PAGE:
Aung San Suu Ki’s release from house arrest in 2010 was celebrated in Burma and by the international community, and her work in the parliament has been praised and criticized. Here are three recent cartoons painting a picture of her triumphs, celebrity and challenges since her release from house arrest.
She has said: “Sometimes I think that a parody of democracy could be more dangerous than a blatant dictatorship, because that gives people an opportunity to avoid doing anything about it.”
Her celebrity has been a boon to her party and the pro-democracy cause, but it seems to sometimes make her colleagues invisible, as this cartoon indicates…
The Guardian reports that the situation in Myanmar is complicated by her celebrity and rising power as well: “The NLD has big cars to campaign with and Aung San Suu Kyi T-shirts to make money from,” said the NDF’s Khin Maung Swe, a former political prisoner who spent 16 years in jail before running and losing in the 2010 elections. “Look at us, look at me: I am no Aung San Suu Kyi. We have no funds, only spirit. We are pitiful.”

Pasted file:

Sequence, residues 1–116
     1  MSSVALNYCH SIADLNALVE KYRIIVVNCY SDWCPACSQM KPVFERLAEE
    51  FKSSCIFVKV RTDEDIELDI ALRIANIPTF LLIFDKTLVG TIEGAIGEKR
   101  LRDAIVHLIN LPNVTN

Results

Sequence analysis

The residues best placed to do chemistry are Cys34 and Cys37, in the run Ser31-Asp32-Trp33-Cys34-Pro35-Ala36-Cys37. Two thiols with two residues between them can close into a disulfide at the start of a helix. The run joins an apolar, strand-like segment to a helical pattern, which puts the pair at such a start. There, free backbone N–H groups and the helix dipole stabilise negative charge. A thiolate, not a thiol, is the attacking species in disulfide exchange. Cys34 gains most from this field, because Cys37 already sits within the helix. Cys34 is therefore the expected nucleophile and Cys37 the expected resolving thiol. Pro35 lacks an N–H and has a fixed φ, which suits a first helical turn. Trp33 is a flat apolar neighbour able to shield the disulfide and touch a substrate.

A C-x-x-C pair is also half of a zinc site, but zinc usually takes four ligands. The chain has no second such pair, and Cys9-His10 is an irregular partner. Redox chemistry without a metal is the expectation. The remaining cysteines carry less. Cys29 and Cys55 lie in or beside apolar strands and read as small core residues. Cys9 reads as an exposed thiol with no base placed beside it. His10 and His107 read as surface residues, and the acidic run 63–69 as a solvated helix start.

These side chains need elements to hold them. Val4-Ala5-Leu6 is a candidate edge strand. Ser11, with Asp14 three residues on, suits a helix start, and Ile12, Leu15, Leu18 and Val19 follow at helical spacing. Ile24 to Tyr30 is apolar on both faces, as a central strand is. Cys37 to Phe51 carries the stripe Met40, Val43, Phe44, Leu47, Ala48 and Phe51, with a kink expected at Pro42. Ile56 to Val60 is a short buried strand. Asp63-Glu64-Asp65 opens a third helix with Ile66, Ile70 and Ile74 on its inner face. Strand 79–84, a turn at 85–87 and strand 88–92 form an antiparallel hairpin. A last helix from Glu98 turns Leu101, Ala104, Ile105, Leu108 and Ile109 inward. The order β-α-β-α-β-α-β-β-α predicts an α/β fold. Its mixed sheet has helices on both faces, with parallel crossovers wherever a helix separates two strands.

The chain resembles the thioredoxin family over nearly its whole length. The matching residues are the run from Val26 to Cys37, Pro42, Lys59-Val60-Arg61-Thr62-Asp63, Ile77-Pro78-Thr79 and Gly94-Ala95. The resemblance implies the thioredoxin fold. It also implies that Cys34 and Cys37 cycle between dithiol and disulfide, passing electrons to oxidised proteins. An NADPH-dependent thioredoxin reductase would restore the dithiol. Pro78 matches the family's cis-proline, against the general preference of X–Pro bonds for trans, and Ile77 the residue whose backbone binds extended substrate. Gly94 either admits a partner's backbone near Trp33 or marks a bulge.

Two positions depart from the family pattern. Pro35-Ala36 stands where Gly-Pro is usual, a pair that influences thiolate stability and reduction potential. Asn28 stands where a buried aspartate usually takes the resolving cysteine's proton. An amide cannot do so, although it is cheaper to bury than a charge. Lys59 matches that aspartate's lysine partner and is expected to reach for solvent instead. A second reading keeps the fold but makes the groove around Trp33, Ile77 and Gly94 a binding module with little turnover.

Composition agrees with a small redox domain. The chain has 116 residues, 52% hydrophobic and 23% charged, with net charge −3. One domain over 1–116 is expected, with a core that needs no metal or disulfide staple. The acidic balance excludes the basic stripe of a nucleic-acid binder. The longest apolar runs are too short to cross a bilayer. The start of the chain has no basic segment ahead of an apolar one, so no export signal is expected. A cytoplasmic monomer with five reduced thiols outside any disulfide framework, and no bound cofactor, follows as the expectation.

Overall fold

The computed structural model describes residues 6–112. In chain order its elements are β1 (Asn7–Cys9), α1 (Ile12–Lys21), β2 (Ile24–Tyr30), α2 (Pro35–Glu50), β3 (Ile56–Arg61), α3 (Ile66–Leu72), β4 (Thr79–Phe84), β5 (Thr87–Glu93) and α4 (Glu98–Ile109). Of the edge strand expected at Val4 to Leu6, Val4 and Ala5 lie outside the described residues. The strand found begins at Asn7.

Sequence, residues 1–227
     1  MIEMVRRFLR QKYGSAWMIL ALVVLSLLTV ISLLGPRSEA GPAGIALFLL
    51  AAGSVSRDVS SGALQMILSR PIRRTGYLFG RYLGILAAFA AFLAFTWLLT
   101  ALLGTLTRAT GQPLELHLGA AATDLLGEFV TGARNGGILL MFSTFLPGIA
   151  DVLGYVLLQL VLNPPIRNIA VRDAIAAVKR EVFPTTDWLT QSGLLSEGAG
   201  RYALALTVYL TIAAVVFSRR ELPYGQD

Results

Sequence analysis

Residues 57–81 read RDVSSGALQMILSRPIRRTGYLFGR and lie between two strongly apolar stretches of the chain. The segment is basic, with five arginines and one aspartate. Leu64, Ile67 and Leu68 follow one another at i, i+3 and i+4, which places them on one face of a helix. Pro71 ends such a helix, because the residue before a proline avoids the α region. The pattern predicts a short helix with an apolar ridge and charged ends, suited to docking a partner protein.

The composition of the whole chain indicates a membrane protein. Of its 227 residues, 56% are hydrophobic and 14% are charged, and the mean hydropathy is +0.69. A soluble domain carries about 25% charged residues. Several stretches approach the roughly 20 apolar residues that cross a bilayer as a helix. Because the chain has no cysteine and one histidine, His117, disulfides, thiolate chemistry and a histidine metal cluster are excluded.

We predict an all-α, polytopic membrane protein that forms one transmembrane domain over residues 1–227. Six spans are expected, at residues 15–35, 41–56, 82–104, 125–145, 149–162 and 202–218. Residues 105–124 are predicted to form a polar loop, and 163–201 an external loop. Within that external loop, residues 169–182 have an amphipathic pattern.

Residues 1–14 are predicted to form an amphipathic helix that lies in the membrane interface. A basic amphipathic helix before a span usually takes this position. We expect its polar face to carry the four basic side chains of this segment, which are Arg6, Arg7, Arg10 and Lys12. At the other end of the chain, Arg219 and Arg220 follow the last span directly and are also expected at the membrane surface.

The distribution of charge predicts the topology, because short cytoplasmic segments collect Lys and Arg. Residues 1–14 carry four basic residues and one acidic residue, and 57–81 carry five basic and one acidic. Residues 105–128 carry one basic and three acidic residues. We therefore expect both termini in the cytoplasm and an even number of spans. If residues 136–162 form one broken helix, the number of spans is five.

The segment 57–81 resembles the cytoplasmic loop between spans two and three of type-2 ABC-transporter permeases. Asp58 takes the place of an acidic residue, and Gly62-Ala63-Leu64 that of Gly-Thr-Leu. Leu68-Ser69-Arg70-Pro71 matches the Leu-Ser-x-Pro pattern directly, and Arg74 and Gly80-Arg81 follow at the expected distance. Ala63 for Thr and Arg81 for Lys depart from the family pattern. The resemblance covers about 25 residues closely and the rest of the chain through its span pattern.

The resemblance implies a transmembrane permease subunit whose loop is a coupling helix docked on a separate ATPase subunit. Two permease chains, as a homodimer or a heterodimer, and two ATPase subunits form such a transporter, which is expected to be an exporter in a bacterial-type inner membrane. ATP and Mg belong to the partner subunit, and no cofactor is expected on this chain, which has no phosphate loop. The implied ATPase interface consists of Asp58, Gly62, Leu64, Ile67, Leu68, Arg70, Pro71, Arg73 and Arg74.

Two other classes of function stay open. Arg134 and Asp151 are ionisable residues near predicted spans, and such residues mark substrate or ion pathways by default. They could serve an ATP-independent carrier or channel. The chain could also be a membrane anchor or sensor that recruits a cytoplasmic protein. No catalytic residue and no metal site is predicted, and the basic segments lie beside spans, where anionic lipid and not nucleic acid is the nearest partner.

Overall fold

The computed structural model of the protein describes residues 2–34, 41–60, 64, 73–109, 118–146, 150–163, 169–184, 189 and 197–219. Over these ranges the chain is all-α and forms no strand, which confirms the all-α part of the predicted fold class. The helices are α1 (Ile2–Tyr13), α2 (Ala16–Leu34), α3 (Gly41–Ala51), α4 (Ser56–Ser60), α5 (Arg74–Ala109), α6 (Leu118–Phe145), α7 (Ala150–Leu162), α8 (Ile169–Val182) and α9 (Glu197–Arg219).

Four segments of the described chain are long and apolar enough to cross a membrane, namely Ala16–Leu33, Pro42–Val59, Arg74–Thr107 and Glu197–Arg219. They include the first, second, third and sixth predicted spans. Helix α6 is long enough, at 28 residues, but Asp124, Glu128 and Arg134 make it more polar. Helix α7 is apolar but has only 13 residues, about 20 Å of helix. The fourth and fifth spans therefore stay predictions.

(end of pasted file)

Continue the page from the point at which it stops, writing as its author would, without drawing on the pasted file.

The NDF is a splinter group that broke off from the NLD two years ago when Aung San Suu Kyi’s party refused to participate in the elections and was temporarily banned. The NDF chose to run to “continue the struggle for democracy”, Khin Maung Swe said, but it has since been branded “political traitors” by the NLD – hence the little chance of reunification, despite their similar platforms.”
But it’s clear that her path, despite her power, is not an easy one…
She has said: ““The only real prison is fear, and the only real freedom is freedom from fear”
Despite the complexities of power in her evolving nation, she has an important role to play: despite the challenges of the task and unification of the many parties fighting to be heard, and because of her visibility and political celebrity.
She remains a leader to be reckoned with in a time of danger, transformation and crisis.